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Comparison of DTI analysis methods for clinical research: influence of pre-processing and tract selection methods


Ressel, Volker; van Hedel, Hubertus J A; Scheer, Ianina; O'Gorman Tuura, Ruth (2018). Comparison of DTI analysis methods for clinical research: influence of pre-processing and tract selection methods. European Radiology Experimental, 2:33.

Abstract

BACKGROUND The primary aim was to compare fractional anisotropy (FA) values derived with different diffusion tensor imaging (DTI) analysis approaches (atlas-based, streamline tractography, and combined). A secondary aim was to compare FA values and number of tracts (NT) with the clinical motor outcome quantified by the functional independence measure for children (WeeFIM).
METHODS Thirty-nine DTI datasets of children with acquired brain injury were analysed. Regions of interest for the ipsilesional corticospinal tract were defined and mean FA and NT were calculated. We evaluated FA values with Spearman correlation, the Friedman and Wilcoxon tests, and Bland-Altman analysis. DTI values were compared to WeeFIM values by non-parametric partial correlation and accuracy was assessed by receiver operating characteristics analysis.
RESULTS The FA values from all approaches correlated significantly with each other (p < 0.001). However, the FA values from streamline tractography were significantly higher (mean ± standard deviation (SD), 0.52 ± 0.08) than those from the atlas-based (0.42 ± 0.11) or the combined approach (0.41 ± 0.11) (p < 0.001 for both). FA and NT values correlated significantly with WeeFIM values (atlas-based FA, partial correlation coefficient (ρ) = 0.545, p = 0.001; streamline FA, ρ = 0.505, p = 0.002; NT, ρ = 0.434, p = 0.008; combined FA, ρ = 0.611, p < 0.001). FA of the atlas-based approach (sensitivity 90%, specificity 67%, area under the curve 0.82) and the combined approach (87%, 67%, 0.82), provided the highest predictive accuracy for outcome compared to FA (70%, 67%, 0.67) and NT (50%, 100%, 0.79, respectively) of the streamline approach.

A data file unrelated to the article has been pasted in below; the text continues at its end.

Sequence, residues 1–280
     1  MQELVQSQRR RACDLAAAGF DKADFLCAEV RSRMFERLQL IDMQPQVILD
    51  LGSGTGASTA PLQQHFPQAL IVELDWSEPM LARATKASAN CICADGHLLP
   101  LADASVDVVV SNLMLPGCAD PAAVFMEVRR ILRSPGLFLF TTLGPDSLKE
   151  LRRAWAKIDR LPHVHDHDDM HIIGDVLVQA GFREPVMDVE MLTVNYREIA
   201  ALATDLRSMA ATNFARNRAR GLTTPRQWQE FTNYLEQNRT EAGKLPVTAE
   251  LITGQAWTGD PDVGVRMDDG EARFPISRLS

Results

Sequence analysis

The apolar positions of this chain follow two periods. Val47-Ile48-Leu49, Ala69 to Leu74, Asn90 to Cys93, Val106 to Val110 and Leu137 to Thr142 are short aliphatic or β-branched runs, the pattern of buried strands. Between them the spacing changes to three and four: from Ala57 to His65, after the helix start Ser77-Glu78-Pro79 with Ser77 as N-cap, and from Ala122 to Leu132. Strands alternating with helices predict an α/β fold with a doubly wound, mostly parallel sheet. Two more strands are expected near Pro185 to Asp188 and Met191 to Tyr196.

CONCLUSION FA values from streamline tractography were higher than those from the atlas-based and combined approach. The atlas-based and combined approach offer the best predictive accuracy for motor outcome, although both atlas-based and streamline tractography approaches provide significant predictors of clinical outcome.

Abstract

BACKGROUND The primary aim was to compare fractional anisotropy (FA) values derived with different diffusion tensor imaging (DTI) analysis approaches (atlas-based, streamline tractography, and combined). A secondary aim was to compare FA values and number of tracts (NT) with the clinical motor outcome quantified by the functional independence measure for children (WeeFIM).
METHODS Thirty-nine DTI datasets of children with acquired brain injury were analysed. Regions of interest for the ipsilesional corticospinal tract were defined and mean FA and NT were calculated. We evaluated FA values with Spearman correlation, the Friedman and Wilcoxon tests, and Bland-Altman analysis. DTI values were compared to WeeFIM values by non-parametric partial correlation and accuracy was assessed by receiver operating characteristics analysis.
RESULTS The FA values from all approaches correlated significantly with each other (p < 0.001). However, the FA values from streamline tractography were significantly higher (mean ± standard deviation (SD), 0.52 ± 0.08) than those from the atlas-based (0.42 ± 0.11) or the combined approach (0.41 ± 0.11) (p < 0.001 for both). FA and NT values correlated significantly with WeeFIM values (atlas-based FA, partial correlation coefficient (ρ) = 0.545, p = 0.001; streamline FA, ρ = 0.505, p = 0.002; NT, ρ = 0.434, p = 0.008; combined FA, ρ = 0.611, p < 0.001). FA of the atlas-based approach (sensitivity 90%, specificity 67%, area under the curve 0.82) and the combined approach (87%, 67%, 0.82), provided the highest predictive accuracy for outcome compared to FA (70%, 67%, 0.67) and NT (50%, 100%, 0.79, respectively) of the streamline approach.
CONCLUSION FA values from streamline tractography were higher than those from the atlas-based and combined approach. The atlas-based and combined approach offer the best predictive accuracy for motor outcome, although both atlas-based and streamline tractography approaches provide significant predictors of clinical outcome.

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Item Type:Journal Article, refereed, original work
Communities & Collections:04 Faculty of Medicine > University Children's Hospital Zurich > Medical Clinic
Dewey Decimal Classification:610 Medicine & health
Scopus Subject Areas:Health Sciences > Radiology, Nuclear Medicine and Imaging
Language:English
Date:14 November 2018
Deposited On:09 Jan 2019 16:49
Last Modified:11 May 2020 18:19
Publisher:SpringerOpen
ISSN:2509-9280
OA Status:Gold
Free access at:PubMed ID. An embargo period may apply.
Publisher DOI:https://doi.org/10.1186/s41747-018-0066-1
PubMed ID:30426317

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